Review: `Gone’

Feb 13

Opened Feb. 11, 2008 at SF Playhouse Stage II

Mee’s melancholy Gone goes down easy
Three stars (Sad beauty)

No man was ever born
but he must suffer.
He buries his children and gets others in their place;
then dies himself. — Sophocles

Those words open Charles L. Mee’s grief-stricken but strangely joyous Gone, having its Bay Area premeire from Crowded Fire Theatre Company at SF Playhouse’s Stage II in San Francisco.

The ever-entertaining Mee (Big Love, “Fetes de la Nuit’’ at Berkeley Repertory Theatre, Wintertime at San Jose Repertory Theatre, Summertime at the Magic Theatre) always takes an unusual approach to his plays. He borrows liberally from any source that happens to interest him. There’s almost always good music (also mostly borrowed), and the final creation is often an enjoyable theatrical collage.

Gone is what Mee calls a “fragment’’ play. And that’s as good a description as any. He takes chunks of Sophocles, Proust, Ginsberg, Updike, Alphonse Daudet and Philip Larkin – not to mention the New York Times obituary page and random blogs. Oh, and Mee has included pieces from some of his own plays as well.

With such a variety of sources and no plot or consistent characters, the task before director Marissa Wolf is to create not a play so much as a tone, a feeling, an experience. When other writers attempt this fragment thing, the results tend to be pretentious and boring. Mee values humor and music, two combatants against boredom, so Wolf already is at an advantage.

Rod Hipskind’s set consists of doors – some useable, some leaned up against the wall of the small black-box theater. In the center of the performance space is a sort of sandbox filled with dark soil – not unlike a fresh grave.

The set also consists of many and varied lamps, which play an important role in Jarrod Fischer’s lighting design, which often consists solely of a single lamp being held by an actor. This is a dark evening, figuratively and literally.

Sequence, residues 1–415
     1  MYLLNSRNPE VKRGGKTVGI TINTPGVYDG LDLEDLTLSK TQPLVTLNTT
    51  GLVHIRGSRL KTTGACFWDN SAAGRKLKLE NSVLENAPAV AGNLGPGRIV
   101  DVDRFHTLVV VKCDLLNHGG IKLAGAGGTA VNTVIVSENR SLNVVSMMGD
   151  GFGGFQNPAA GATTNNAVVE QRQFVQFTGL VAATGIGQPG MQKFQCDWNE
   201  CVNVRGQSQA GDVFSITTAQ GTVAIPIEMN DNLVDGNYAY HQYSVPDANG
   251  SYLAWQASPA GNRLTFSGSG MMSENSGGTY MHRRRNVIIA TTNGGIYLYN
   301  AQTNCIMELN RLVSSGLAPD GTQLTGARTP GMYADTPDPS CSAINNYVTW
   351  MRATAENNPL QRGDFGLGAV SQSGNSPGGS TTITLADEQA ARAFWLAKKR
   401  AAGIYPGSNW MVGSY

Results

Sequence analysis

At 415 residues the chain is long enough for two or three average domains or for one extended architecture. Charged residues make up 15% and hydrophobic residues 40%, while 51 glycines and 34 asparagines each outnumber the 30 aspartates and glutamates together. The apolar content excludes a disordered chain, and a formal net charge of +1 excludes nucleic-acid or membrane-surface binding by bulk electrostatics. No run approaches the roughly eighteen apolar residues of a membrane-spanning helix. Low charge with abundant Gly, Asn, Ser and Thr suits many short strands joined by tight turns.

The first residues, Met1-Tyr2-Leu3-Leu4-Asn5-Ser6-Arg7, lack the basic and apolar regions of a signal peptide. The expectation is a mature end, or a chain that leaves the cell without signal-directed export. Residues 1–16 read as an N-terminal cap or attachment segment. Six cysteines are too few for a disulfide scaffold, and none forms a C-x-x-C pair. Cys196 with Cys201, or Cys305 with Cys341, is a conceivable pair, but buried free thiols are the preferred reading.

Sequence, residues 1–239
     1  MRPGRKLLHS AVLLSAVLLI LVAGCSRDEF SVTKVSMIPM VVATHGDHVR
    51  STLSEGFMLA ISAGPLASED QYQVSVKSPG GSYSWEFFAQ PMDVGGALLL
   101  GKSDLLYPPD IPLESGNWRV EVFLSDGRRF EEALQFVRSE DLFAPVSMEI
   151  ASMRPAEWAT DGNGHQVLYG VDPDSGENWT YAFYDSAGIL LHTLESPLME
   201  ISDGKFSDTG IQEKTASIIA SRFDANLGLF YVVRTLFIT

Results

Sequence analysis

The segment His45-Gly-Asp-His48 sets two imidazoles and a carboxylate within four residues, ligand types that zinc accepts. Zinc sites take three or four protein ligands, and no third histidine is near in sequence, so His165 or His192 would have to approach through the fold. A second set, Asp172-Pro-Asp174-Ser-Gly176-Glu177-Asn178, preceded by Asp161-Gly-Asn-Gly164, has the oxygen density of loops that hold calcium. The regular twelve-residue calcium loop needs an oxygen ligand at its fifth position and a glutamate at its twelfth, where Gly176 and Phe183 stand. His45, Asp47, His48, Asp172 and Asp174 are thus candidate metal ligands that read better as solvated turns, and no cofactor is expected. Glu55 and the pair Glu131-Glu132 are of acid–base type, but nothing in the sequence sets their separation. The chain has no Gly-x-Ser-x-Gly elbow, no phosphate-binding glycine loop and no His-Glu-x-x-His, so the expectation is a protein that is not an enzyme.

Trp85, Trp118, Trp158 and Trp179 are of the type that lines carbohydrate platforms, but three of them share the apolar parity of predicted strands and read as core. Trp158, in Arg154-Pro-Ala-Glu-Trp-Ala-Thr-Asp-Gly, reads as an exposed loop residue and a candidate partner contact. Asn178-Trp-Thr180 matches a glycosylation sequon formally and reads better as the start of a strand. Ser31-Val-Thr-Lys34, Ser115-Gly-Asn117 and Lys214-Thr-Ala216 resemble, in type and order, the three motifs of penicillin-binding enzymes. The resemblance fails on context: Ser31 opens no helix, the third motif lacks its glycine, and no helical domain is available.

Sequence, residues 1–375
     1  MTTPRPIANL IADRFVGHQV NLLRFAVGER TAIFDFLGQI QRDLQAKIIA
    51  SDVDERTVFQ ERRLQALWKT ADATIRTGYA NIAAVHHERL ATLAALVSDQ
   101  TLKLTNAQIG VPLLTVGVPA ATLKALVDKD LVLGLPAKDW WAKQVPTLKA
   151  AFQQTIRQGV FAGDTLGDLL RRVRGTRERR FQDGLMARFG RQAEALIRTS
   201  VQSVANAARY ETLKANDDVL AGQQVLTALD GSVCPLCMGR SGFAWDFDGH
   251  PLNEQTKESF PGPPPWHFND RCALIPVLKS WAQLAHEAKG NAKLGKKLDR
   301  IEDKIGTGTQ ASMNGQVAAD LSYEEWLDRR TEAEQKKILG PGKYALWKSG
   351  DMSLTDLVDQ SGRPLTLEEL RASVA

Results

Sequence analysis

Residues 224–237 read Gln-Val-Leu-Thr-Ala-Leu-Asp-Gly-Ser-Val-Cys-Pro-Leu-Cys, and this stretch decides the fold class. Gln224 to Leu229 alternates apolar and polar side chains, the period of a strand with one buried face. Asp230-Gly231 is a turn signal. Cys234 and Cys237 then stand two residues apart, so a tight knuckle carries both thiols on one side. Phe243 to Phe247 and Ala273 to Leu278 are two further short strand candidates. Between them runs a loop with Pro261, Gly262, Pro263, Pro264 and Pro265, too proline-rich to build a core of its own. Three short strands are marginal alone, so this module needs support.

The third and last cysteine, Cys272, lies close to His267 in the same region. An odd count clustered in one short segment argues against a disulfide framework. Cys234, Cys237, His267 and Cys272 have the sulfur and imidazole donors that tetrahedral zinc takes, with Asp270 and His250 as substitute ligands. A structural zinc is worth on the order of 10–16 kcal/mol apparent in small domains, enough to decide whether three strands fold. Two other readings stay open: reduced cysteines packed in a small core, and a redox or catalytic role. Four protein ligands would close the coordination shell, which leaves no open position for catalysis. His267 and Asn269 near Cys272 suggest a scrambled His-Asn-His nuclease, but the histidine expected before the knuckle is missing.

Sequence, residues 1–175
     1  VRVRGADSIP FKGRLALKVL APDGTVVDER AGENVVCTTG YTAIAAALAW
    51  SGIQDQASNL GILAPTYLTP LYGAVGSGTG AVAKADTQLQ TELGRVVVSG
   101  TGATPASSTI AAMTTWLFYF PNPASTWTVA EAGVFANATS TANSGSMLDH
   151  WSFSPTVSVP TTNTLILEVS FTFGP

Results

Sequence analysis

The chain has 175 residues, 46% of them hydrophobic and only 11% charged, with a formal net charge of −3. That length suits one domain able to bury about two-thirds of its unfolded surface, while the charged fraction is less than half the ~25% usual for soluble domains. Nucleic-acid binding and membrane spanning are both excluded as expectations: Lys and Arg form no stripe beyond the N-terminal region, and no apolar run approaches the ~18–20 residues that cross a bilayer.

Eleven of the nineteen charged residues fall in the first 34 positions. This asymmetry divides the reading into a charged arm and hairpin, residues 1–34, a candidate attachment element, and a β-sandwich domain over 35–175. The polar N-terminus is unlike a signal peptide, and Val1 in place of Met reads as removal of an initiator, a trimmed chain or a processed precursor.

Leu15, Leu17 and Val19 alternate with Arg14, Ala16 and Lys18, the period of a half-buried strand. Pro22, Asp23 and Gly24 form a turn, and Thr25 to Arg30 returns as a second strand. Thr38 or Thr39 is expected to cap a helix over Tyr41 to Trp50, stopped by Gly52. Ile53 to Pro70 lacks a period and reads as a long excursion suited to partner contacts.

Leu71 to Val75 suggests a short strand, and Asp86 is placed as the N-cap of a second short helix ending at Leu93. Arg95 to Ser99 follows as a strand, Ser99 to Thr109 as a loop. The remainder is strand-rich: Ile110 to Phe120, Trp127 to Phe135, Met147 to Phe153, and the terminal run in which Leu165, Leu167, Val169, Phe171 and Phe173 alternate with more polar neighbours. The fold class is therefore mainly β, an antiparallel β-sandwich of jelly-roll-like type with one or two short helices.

The text, as intoned by Shoresh Alaudini, Kalli Jonsson, Marilee Talkington (above) and Mollena Williams, is dominated by themes of loss. You’ve got your death, your love loss, your wiped-out civilizations.

It’s moody to be sure, but not grim. Part of that has to do with the music. For Odetta’s “Another Man Done Gone,’’ for instance, the cast is doing sort of a spiritual dance in the sandbox. For Montgomery Gentry’s country-fried “Gone,’’ Jonsson lip synchs, and the other cast members provide back-up (choreography throughout the show is by Humu Yansane).

Between the country songs and spirituals, we get a healthy dose of Proust’s madeleine moment from Swann’s Way, a musing on the tragic, love- and pleasure-filled lives of cicadas and some insight into the world of Ruth M. Siems, inventor of Stove Top stuffing on the occasion of her death.

It’s all rich and compelling and beautifully performed, but I must admit, after about an hour, I found myself longing for character and story. Some elements, such as Proust and Sophocles, make repeat appearances, but the fragment nature of the show couldn’t overcome my need for narrative.

There’s pleasure, fleeting (as in life) to be sure, amid the pain and loss, and that’s the triumph of Mee’s show and Wolf’s production: that we seize on the joy when it arises. But then we head back to Sophocles, who leaves us in, as he puts it, “Egyptian blackness’’ with, “Time makes all things dark and brings them to oblivion.’’

Gone continues through March 2 at SF Playhouse Stage II, 533 Sutter St., San Francisco. Shows are at 8 p.m. Thursdays-Saturdays; 5 p.m. Sundays. Tickets are $15 to $25. Call 415-433-1235 or visit www.crowdedfire.org.

One comment

  1. Thank you for this thoughtful response to the production of “Gone” at Crowded Fire. I loved this production, in part because it awoke in me an awareness of precisely this urge for character and story. I longed for a character to stay there, to have the chance to develop, just as I long for people in my life to stay, and grow. And I yearned for story, because the play withheld it. As the actors (each one so many characters) started to slip off the stage at the end, out the various doors, leaving the stage in blackness, I felt like crying out, “Don’t go!” I loved the way that this play alerted me to this wish for solidity, identity, and the satisfying arc of a life story, well lived . . . and as I went through my week afterward, fragments of this play lingered and tugged at me, as if to say, “So live your own life well, and better!”

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